- Grease a 6 cup bundt tin with melted butter and then sift some flour in and tap it to remove any excess and place in the fridge while you prepare the sponge. I do this to stop it sticking, if you have another method that works well use that. (alternatively you can make a sandwich style cake with two 8 inch tins and fill with whipped cream and curd or one large cake or tray bake tin)
- In a stand mixer fitted with the whisk attachment beat the butter and sugar for 5 minutes, until pale and creamy, stopping half way to scrape the sides of the bowl with a spatula.
- Add the eggs, one at a time, beating for three minutes between each one so they are well combine.
- Sift the flour, baking powder and a good pinch of salt into the bowl and mix in very briefly using the electric whisk, then use the spatula to fold in properly. (you don't want to over mix the flour or it will result in a tough cake)
- fold in lemon zest, juice and finish by folding in the milk.
- Scoop into the bundt tin, and tap it to level out.
- Bake on the middle shelf of the oven for about 40 minutes, or until a knife inserted comes out clean (the depth of you tin could mean baking times vary, check it from 35 minutes onwards, it can take up to 60 minutes for a deep patterned bundt tin) . After 25 minutes, i rotated the tin. I didn't want it to get too much colour as i wanted to use the bottom of the bundt cake as the top and not flip it over, if you are using a patterned bundt tin then this wont matter so much, but to keep it a nice golden colour i placed some tin foil over the top when i was happy with the colour for the remainder of the bake.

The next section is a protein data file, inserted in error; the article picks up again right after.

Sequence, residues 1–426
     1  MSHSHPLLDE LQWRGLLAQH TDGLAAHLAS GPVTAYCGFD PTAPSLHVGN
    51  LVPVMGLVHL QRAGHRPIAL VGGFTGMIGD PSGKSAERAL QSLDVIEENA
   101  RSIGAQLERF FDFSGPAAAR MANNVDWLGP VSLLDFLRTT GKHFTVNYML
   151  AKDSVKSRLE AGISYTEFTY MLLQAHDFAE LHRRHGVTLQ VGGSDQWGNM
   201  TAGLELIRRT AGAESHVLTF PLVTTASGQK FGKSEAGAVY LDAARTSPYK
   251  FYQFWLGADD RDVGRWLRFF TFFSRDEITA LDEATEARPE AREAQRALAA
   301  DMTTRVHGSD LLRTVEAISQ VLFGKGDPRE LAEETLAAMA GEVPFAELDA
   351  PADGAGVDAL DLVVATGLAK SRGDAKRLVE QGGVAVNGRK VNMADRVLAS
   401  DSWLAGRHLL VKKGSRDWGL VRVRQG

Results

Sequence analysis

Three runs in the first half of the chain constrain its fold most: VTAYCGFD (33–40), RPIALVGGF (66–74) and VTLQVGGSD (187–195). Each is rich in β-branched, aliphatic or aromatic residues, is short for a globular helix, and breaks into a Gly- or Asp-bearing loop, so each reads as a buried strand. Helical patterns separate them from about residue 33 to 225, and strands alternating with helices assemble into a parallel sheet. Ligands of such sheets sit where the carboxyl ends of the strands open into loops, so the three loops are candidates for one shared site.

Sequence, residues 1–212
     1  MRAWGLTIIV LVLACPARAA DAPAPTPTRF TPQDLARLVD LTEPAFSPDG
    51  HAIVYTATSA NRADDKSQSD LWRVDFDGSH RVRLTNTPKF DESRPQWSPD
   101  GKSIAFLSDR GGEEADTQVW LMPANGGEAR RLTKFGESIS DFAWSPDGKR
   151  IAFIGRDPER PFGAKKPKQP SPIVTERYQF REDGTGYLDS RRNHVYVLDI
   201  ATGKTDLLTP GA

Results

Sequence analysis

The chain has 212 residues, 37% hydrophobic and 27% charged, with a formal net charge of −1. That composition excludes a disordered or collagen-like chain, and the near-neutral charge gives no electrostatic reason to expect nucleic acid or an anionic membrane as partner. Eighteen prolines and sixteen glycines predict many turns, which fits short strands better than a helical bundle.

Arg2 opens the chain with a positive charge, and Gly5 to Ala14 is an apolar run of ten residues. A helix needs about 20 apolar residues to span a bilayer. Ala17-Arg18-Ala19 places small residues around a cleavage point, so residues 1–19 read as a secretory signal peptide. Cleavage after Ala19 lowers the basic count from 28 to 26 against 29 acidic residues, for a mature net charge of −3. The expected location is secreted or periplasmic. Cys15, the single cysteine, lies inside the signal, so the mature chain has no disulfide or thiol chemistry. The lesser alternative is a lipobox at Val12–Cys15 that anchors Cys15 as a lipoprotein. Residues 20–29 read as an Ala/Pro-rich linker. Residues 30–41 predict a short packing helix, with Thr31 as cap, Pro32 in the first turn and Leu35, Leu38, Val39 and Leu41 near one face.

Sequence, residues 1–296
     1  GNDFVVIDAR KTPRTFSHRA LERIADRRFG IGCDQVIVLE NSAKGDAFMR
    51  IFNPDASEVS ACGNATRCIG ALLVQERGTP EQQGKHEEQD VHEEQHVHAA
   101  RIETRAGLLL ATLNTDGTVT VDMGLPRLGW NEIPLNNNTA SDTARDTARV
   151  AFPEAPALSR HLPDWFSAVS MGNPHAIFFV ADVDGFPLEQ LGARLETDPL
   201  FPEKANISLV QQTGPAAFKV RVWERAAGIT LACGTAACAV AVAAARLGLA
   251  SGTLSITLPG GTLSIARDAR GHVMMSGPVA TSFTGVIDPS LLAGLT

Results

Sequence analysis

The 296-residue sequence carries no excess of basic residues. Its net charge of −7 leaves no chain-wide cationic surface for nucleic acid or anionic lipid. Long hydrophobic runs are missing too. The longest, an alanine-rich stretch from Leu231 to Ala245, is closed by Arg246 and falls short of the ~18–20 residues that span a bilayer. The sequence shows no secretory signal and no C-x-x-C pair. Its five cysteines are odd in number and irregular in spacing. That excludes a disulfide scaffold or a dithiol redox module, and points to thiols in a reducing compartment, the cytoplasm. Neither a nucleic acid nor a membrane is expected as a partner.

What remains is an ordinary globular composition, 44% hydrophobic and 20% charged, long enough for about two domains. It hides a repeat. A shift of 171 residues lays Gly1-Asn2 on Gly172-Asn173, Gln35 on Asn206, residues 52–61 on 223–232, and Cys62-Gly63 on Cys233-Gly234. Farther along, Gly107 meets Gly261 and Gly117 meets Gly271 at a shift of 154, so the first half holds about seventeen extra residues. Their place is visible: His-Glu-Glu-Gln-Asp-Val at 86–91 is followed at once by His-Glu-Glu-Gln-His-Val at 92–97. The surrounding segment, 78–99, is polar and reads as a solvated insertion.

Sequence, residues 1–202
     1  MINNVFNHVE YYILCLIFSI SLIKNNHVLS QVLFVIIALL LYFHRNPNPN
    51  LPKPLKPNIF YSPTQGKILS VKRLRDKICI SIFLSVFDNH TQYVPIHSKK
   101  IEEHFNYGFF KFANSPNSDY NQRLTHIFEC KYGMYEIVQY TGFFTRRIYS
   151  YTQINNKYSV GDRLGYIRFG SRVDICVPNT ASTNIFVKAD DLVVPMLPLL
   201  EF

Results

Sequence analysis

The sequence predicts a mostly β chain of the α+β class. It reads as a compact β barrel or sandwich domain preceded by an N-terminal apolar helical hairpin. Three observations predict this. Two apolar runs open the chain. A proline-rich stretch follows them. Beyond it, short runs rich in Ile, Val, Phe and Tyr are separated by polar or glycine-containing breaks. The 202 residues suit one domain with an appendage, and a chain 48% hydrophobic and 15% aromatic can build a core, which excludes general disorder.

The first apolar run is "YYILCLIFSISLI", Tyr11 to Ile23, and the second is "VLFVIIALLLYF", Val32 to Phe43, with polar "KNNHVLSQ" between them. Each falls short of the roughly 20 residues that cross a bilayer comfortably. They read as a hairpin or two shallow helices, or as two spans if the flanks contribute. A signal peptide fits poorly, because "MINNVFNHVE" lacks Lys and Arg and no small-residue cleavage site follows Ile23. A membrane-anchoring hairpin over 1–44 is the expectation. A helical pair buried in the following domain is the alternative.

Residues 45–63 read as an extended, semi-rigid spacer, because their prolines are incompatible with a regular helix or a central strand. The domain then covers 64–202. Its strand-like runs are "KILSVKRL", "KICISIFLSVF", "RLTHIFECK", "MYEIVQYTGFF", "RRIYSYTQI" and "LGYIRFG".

- let cake cool in the tin for 15 minutes,
- while the cake is cooling in the tin, mix the lemon juice and granulated sugar, tip cake out and prick with a tooth pick and brush onto the cake.
- This is optional but i also added a lemon drizzle made with lemon juice and icing sugar mixed together and drizzled it over when the cake was cool. Add a tsp at a time of lemon juice to the icing sugar until you have a thick drizzle icing. Drizzle over cake, then grate on some lemon zest to finish.
- Slice and enjoy. Best eaten on the day, but will keep well in an air tight cake tin for three days if you have to make it in advance.
Ruth Miranda says
I love a good lemon drizzle cake!! THere’s nothing as comforting, as homely, as familiar as that!
yes its just so comforting xx
Joanna M Hoyos says
Yummy the cake looks amazing!. I am a big fan of your work. Would it be possible to provide this recipe with the American measurement? I would be so grateful!!
hi joanna, thank you so much. i always feel a bit nervous about giving measurements in cups for cakes as the ingredients need to be so precise. i did a trail once and weighed out a cup of flour three times and each time in was a completely different weight. I can google the measurements in cups for you, but i cant guarantee it will deliver exactly the same outcome as it would with grams. Pastry and cookies are a little more forgiving for a few extra grams but with cakes i find it has to be exact.
here are the conversions i found
1 cup of butter is 225g
1 cup of caster sugar is 200g and 1/8 cup is 25g so 1 and 1/8 cup
1 cup flour is 125g and 3/4 cup is 95g so for flour use 1 and 3/4 cup plus 1 tbsp
3 tbsp is 45ml for the milk